The Forward Area Air Defense Command and Control (FAAD C2) system will be the basis for the Department of Defense’s (DoD) joint counter-small unmanned aircraft system (C-sUAS) effort, Army Maj. Gen. Sean Gainey, Joint C-sUAS Office (JCO) director, said during a Jan. 8 webinar hosted by the Center for Strategic and International Studies (CSIS).

The Department of Defense (DoD) released its counter small unmanned aircraft systems (C-sUAS) strategy on Jan. 7 focusing on open systems architecture and interoperability to counter threats caused by UAS. An implementation plan of that strategy will be released at the end of the month, Nicole M. Thomas, JCO division chief for strategy and policy, said during the webinar.

“We looked at, from a perspective of what we have right now, what’s the best C2 system we have right now, and FAAD C2 was that system,” Gainey said. “We can get the kinetic fire control off of that system. However, we understand that there are other systems out there that the services are using that show promise for example the MEDUSA for the Air Force…We use FAAD C2 as the basis, however where we are going to get to is really an open architecture standards based C2 system so we’re just plugging in based off of the standards as opposed to the box in itself but right now it’s FAAD C2.”

The acquisition process for C-sUAS technology will have to be fast to keep up with evolving threats. The JCO has implemented middle tier acquisition to rapidly develop prototypes and get capabilities to service members, Gainey said.

“With the rapidly evolving threat we need to be more agile,” Thomas said. “Some of the acquisition processes that are better suited for longer lead times won’t work in this type of environment so we just as a department need to be flexible so that we can continue to get after the threat to keep pace or to stay ahead of it. It’s not just applicable to counter UAS it’s applicable to anything else where the technology is evolving.”

During the first week of April the JCO and industry professionals will meet to conduct the first common test range testing event in Yuma, Gainey said. The test will include the Air Force and the Army’s Rapid Capabilities and Critical Technologies Office (RCCTO) and will focus on low collateral effectors.

Gainey said the programs the JCO selected to focus on came from an assessment of a majority of the systems available to get feedback about what was working best. The conclusion of the assessment was the JCO needed a system of system layered architecture with the ability to integrate different technologies and a common C2 system.

The JCO took the framework of interim systems from their assessment and assigned services responsibility for a specific system to develop and mature to meet the current joint requirements, Gainey said. The JCO would simultaneously look to future capabilities for those systems.

“For example, the Air Force has the low collateral effector, so they will go to our test range with RCCTO in April, issue an announcement to industry, and say, hey in April, we’re going to look at all the low collateral interceptors,” Gainey said. “Bring that capability to our Common Test Range in Yuma, and we will downselect to that and then we will open up a contract for all the services to then buy it and that gets after that open architecture concept. So, then next capability, whether it’s high energy lasers or whatever, the same type of concept moves forward.”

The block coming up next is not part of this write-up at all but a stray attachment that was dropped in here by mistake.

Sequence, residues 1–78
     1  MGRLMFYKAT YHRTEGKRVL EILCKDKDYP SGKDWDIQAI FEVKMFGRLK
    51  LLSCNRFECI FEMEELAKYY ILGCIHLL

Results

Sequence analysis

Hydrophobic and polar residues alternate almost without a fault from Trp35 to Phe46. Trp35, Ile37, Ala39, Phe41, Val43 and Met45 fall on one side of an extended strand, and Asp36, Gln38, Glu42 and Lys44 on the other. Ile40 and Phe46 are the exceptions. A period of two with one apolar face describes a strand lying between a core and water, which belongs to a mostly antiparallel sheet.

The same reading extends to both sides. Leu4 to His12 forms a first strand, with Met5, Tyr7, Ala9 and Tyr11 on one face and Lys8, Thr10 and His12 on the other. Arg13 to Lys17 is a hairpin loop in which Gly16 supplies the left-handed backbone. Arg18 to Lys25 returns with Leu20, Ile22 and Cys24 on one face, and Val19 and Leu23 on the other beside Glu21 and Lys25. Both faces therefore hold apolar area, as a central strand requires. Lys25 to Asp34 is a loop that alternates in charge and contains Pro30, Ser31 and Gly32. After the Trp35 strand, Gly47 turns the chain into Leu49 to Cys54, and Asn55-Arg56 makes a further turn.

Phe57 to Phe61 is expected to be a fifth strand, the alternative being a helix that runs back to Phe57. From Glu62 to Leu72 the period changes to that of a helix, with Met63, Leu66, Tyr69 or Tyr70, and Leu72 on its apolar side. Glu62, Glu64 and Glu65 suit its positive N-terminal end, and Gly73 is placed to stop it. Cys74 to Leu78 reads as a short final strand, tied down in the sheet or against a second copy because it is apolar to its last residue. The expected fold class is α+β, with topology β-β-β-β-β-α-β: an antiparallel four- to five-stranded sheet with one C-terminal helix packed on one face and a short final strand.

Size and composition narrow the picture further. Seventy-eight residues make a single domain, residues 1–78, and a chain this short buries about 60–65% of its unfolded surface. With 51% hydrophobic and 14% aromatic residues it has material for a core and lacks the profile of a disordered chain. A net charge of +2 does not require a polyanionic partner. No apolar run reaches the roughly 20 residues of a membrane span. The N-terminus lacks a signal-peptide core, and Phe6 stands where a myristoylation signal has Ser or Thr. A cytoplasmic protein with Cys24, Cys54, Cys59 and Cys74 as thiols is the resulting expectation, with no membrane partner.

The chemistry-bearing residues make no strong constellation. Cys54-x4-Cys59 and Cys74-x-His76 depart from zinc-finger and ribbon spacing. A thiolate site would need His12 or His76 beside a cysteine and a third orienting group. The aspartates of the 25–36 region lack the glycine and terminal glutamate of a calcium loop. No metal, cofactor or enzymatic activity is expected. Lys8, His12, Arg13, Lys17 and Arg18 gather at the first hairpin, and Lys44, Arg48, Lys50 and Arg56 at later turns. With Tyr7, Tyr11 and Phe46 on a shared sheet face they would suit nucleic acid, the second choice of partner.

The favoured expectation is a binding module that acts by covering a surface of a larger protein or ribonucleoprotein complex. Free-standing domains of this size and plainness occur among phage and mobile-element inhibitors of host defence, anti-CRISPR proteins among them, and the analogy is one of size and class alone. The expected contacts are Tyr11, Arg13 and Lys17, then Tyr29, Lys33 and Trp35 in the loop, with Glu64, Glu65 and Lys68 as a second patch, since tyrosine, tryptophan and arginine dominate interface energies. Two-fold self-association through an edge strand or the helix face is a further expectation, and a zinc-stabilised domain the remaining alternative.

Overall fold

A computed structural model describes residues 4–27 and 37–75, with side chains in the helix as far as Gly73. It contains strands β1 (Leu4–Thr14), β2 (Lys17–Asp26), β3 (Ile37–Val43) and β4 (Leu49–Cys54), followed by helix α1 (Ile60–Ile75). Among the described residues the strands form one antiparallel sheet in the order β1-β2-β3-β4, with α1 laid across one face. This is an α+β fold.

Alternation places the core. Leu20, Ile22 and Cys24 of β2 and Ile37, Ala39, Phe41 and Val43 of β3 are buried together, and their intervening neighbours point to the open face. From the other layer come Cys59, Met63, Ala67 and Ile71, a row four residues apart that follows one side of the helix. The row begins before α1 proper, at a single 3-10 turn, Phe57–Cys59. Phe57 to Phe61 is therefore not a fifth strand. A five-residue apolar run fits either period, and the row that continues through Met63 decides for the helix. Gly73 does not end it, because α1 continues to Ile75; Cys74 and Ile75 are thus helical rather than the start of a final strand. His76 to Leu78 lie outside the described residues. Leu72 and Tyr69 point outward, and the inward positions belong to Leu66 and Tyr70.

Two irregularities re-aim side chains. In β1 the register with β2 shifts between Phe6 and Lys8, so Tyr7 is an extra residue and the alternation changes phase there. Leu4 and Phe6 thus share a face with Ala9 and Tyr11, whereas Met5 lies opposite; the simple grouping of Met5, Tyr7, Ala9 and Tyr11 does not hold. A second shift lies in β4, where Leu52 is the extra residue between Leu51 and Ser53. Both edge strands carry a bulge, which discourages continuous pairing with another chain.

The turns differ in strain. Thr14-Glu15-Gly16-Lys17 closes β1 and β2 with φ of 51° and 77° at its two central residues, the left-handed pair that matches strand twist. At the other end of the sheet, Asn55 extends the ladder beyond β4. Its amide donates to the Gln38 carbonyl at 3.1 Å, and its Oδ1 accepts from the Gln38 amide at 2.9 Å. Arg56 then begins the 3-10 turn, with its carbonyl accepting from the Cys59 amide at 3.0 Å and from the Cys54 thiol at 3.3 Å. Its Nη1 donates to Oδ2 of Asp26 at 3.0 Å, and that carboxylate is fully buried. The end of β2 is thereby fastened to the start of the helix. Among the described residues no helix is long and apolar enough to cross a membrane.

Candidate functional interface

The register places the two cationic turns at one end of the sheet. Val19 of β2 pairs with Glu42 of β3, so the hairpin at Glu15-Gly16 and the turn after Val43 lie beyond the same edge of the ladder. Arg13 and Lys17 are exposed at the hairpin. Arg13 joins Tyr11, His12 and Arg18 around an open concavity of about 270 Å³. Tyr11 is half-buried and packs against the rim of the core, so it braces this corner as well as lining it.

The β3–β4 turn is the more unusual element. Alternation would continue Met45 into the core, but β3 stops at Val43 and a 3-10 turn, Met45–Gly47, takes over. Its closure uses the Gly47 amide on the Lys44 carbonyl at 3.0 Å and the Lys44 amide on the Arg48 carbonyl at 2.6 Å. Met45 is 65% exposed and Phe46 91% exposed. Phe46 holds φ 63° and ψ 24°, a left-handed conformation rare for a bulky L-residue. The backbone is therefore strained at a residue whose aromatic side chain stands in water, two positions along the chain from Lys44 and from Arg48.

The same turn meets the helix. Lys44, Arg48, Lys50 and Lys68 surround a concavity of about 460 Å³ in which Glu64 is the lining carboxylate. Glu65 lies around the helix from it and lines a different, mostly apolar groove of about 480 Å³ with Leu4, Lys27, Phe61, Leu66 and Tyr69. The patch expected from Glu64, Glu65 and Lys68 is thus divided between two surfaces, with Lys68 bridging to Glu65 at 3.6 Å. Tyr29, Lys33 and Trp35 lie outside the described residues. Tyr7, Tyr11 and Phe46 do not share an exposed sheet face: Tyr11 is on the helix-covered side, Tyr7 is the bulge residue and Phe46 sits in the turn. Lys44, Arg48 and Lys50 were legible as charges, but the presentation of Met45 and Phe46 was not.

Gainey said this will create an “on-ramp off-ramp” path for integrating new systems into service. Current systems that can’t keep up with requirements will not be offered component capability and will no longer be used. The services would then evaluate a path to on-ramp new technology by assigning a service to take it to the test range and start the process over again.

To fund this effort, Gainey said the JCO already has approval for the research, development, test, and evaluation (RDT&E) line that all the services put money into. This creates reliable funding lines for new capabilities.

C-sUAS missions will be present in multiple operating environments including the homeland, host nations, and contingency locations. In the U.S., the JCO will be working with U.S. agencies like the Department of Justice (DoJ), the Department of Homeland Security (DHS), and the Federal Aviation Administration (FAA) to counter threats and hazards created by UAS in the airspace, Thomas said.

“Oftentimes drones are also talked about as the new IED,” Thomas said. “There are similarities but the biggest difference is that there was never a good use for the IED. There are legitimate uses for drones. And so, we need to understand how to distinguish between legitimate users and nefarious actors. The drone in and of itself is not a threat. And so, you have to assess and determine what the threat is, the capability, and the intent.”

One major step in distinguishing intent is UAS remote identification (remote ID) that functions like a digital license plate for UAS. The FAA recently announced final rules for remote ID in the U.S. that UAS operators will have to follow.

“When that finally comes online that’ll be a good way to distinguish,” Thomas said. “So if you have a drone, you’re supposed to have it registered and so instead of looking at a screen full of drones and you’re not sure who is the various actor and which is a legitimate actor, if you’re registered then you can kind of disregard those. Now the things that you’re looking at are much more narrow and so that would help.”

Current C-sUAS efforts are focused on cutting the link between UAS and their operators. However, Gainey said this may shift as new technologies emerge. Future C-sUAS efforts could include mass swarming capabilities, integrating artificial intelligence (AI), and leveraging 5G.